Stress is both my friend and my enemy. On the one hand I sometimes need the adrenaline which stress brings in order to perform well, so there is more pressure. SOmehow stress makes it so that I get more done in less time. But sometimes stress also blocks me. There are times when I want nothing more than to get the stress-voice in my head to finally be quiet.


I find it difficult to be completely zen. I tend to worry about important and less important things and assume works case scenarios at times instead of thinking of a story with a happy ending. 'That way there are no unpleasant surprises', my philosophy is at such a time. But that way of thinking makes it so that my stress levels go through the roof sometimes. This has been the case for me during the past few weeks either way since I recently heard that my father has to undergo surgery during this summer. A heart surgery. An open heart surgery, to be exact. News which I had not expected at all and which immediately raised my stress level. The anti stress techniques will be useful for the coming few weeks, that is if they work for a stressed person such as myself.


But what is stress really? 'Stress is a reaction of which we have to pressure, danger, or problems', stress expert Paul Koeck says. 'We are made so easily survive, but once we end up in an unexpected situation - such as when a tiger is ready to devour you - stress makes it so that we handle such a situation faster. In that sense stress is very positive, but an overdose makes it so that our body cannot keep up. That more and more people are stressed can partially be blamed on the technological evolution. Now that we always work with our computers and phones, we constantly use the same brain cells, giving them no time to recover. If you then also are the type of person who worries sometimes, you use he same cells again, meaning they work for sixteen hours or longer for some people. That is dangerous because brain cells can become inflamed just like muscles. But muscles hurt when they are used too much and that is not the case with our brain. The brain namely has no pain receptors and because there is no alarm signal, we usually are not warned before it is too late.’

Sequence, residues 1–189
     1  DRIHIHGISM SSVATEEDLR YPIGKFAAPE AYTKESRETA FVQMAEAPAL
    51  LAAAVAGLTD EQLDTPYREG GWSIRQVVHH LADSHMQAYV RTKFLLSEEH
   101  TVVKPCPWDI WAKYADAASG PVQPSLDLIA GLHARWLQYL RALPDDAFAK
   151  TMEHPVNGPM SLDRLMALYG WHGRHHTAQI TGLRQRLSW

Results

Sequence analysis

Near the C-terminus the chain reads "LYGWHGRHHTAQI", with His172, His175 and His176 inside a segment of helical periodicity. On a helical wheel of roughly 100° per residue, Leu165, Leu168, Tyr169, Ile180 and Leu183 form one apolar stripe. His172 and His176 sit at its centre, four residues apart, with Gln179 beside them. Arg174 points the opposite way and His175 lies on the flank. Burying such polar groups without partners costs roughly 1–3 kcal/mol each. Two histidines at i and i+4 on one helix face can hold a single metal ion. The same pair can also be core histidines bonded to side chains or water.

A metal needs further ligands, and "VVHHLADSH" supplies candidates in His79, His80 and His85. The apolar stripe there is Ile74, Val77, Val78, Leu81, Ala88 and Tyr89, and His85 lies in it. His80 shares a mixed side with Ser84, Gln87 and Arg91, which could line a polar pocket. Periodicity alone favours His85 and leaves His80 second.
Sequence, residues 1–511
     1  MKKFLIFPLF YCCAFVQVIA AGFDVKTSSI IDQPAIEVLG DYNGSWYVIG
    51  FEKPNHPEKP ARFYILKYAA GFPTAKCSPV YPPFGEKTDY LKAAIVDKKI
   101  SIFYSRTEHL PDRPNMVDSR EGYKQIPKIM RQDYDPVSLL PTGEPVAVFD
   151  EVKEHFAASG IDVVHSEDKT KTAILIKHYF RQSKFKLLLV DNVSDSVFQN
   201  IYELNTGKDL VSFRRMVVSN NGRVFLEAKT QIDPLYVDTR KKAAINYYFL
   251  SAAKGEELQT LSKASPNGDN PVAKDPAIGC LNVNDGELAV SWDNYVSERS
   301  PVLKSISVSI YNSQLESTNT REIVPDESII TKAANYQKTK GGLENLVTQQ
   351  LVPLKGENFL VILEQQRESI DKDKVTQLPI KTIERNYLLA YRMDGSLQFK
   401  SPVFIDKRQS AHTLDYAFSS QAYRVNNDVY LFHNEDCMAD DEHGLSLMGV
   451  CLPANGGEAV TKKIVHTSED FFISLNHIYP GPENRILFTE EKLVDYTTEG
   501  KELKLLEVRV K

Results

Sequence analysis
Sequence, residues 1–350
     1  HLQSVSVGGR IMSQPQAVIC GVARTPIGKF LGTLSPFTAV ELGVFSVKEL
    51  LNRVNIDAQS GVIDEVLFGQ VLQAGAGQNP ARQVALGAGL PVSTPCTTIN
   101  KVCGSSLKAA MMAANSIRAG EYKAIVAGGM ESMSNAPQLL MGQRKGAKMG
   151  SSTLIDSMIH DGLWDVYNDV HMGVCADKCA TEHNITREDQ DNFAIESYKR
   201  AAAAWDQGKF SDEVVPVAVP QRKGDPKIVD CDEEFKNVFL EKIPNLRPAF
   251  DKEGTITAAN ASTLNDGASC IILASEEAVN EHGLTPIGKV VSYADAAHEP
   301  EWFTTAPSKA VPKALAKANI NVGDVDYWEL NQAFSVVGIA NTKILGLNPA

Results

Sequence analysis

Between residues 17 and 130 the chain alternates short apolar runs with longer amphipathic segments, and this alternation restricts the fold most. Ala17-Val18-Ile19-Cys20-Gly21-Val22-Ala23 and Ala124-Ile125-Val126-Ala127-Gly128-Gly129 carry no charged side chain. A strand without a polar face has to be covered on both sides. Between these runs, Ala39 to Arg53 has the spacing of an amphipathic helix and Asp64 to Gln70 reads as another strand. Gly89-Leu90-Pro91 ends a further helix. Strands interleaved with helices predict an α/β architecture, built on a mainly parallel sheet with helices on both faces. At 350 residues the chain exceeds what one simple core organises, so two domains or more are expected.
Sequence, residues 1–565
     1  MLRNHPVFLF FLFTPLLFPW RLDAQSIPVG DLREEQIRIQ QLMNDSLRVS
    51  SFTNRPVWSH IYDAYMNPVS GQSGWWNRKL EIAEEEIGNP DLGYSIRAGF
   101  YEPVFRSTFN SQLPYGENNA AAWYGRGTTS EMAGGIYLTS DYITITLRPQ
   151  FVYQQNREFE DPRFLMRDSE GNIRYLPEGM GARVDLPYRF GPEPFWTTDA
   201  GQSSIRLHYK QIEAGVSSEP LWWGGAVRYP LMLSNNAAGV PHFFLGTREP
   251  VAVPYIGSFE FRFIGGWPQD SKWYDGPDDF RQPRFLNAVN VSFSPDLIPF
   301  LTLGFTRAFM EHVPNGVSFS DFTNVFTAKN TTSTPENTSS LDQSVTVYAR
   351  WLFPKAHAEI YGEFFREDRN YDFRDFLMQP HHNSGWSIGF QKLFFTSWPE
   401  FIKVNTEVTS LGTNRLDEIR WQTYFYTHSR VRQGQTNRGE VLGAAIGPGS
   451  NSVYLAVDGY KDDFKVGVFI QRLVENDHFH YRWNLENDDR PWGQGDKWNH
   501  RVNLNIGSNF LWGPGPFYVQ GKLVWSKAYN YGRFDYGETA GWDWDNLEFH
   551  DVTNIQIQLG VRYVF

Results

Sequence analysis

I love Mother Nature. When I dove into the forest to test this eastern anti-stress method - which is also known as Shinrin-Yoku - for four hours, I was really happy. The idea: calmly walk through a forest-rich area and admire the beauty of nature. My cup of tea. For this technique I go to a forest where I have never been before in my life. I walk around and find a place to relax. After having walked for about ten minutes, I find an enormous tree. I have found my space. However, there are countless mosquitoes in the forest - which love the heavy rain - and they do not agree with me. I have hardly been there for two minutes and already I am attacked from every side. To make matters worse I did not bring any mosquito spray. D’oh!

Die! Mosquitoes!

Stay calm, Marijke. You are here to calm down. To divert my thoughts, I remove my headphones and look around. I see how the wint rhythmically blows through the tree leaves. A small zen moment, but I do not last longer than five songs. The mosquitoes which I can also feel in my face now are way too much. After a few minutes of walking I find a different spot, but that does not help. The same scenario. Mosquitoes everywhere! It seems as if those creatures can smell my blood from miles away. After about three hours in the forest I return home with about twenty mosquito bites. Because of the terrible weather of the past few weeks and the mosquito attacks I did not test this technique in ideal circumstances. However, I am someone who regularly spends time in nature and know like no other how much such an environment can calm you down. The effect, unfortunately, does not last long.


‘A few years ago a hotel chain asked me whether some time at a hotel in a nature rich environment reduces stress' Paul Koeck says. 'As long as you are in the forest or nature rich area, it is one of the best anti stress tricks. But as soon as you return to the rhythm of our western society, the effect visibly reduces and you lose the zen feeling already after a few days.'


For this technique I needed to get my smart phone. Because of the digital evolution there are countless mobile applications available which claim that they reduce your stress level. There are so many that I sometimes get a little stressed having to choose. But I do not want to worry about something that stupid and randomly pick one. Pacifia is the chosen app which I will be testing over the coming few days. I must be honest and say that I am not too excited because I do not associate my smart phone with relaxation. You must also be connected to the internet or else you will not gain access to the application, but this makes it so that I can see my e-mails coming in constantly. Not a great start to relaxation, is what I then think.

Rain against the window